Entering my third decade as a high school teacher in the late 90s, I wasn’t sure why I cringed when I would hear teenagers refer to Mom or Dad as “My Best Friend.” Everyone in the room would beam with warmth. It sounded like fingernails on a chalkboard to me.
Maybe that’s why my heart lifted when I saw the cover of the July/August Atlantic Monthly magazine. Featuring an illustration of a golden trophy inscribed with the citation “Good Try,” the headline screams: How the Cult of Self-Esteem is Ruining Our Kids. The main article, by Lori Gottlieb, is entitled How to Land Your Kid in Therapy – Why the Obsession With Our Kids’ Happiness May Be Dooming Them to Unhappy Adulthoods.
Combining her research with that of several colleagues, Gottlieb makes some points that might strike some as counter-intuitive. She…
– Argues that our obsession with happiness (and our warped understanding of it) is doing deep damage to our kids;
– Poses the idea that we may be spending too much time with our kids;
– Wonders if we are not serving our own emotional needs at the expense of our kids;
– Thinks we may be giving our kids too many choices.
Regarding happiness, Gottlieb suggests that “The American Dream and the pursuit of happiness have morphed from a quest for general contentment to the idea that you must be happy at all times and in every way.”
She quotes Barry Schwartz, a professor at Swarthmore College: “Happiness as a byproduct of living your life is a great thing. But happiness as a goal is a recipe for disaster.” Gottlieb wonders, “Could it be that by protecting our kids from unhappiness as children, we’re depriving them of happiness as adults?”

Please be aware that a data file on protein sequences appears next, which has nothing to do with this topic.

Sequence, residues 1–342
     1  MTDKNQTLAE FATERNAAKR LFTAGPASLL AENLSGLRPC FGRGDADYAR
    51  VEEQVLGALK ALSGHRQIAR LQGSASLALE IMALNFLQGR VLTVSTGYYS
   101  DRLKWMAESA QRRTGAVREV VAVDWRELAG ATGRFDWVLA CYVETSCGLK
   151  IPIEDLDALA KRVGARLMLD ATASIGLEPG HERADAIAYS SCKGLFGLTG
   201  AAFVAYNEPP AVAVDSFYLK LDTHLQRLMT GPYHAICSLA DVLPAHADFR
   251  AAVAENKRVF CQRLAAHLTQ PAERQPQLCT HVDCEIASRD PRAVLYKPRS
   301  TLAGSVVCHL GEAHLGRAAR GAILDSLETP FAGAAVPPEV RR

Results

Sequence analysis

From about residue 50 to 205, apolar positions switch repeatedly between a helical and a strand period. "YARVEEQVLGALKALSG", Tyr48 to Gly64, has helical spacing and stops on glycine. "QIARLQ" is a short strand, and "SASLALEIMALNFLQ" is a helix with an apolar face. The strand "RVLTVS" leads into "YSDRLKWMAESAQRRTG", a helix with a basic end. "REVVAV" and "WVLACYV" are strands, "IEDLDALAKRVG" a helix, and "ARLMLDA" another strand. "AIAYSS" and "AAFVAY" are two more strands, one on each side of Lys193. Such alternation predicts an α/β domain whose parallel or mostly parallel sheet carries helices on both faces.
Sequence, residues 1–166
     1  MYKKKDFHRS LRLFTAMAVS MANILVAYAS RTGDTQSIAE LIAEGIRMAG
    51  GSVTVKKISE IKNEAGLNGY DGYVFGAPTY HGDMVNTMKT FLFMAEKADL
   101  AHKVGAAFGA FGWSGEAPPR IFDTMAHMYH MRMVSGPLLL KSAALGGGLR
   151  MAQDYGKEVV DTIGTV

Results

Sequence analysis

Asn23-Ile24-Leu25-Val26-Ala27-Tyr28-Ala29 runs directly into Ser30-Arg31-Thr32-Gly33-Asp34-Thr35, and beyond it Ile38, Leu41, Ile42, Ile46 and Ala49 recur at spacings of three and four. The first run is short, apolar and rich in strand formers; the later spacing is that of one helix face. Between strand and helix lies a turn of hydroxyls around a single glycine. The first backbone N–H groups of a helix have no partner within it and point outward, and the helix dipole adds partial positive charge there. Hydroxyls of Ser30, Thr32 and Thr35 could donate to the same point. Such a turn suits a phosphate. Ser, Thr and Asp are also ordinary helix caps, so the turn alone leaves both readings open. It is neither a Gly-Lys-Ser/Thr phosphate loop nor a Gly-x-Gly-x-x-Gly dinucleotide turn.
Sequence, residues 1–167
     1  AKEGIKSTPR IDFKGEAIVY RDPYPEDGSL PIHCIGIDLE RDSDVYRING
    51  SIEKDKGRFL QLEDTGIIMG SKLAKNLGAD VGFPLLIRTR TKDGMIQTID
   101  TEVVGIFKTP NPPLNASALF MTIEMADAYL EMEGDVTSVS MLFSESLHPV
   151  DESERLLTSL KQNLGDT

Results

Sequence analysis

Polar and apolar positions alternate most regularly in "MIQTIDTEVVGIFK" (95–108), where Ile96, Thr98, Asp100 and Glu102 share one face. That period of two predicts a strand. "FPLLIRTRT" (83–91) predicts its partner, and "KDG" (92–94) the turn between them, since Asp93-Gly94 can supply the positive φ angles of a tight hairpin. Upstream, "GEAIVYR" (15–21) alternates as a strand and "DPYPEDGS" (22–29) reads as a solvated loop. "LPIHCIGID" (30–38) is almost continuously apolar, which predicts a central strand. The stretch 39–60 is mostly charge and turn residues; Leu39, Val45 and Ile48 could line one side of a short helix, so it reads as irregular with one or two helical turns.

Using the analogy of a young girl who trips and skins her knee, UCLA psychiatrist Paul Bohn makes the case for resisting the parental urge to immediately jump to the child’s aid: “If you don’t let her experience that momentary confusion, give her the space to figure out what just happened (Oh, I tripped), and then briefly let her grapple with the frustration of having fallen and perhaps even try to pick herself up, she has no idea what discomfort feels like, and will have no framework for how to recover when she feels discomfort later in life.”
Gottlieb notes that helping a child with a skinned knee seems like the right thing to do until “these toddlers become the college kids who text their parents with an SOS if the slightest thing goes wrong, instead of attempting to figure out how to deal with it themselves.”
To Be Continued… Onward, Malcolm Gauld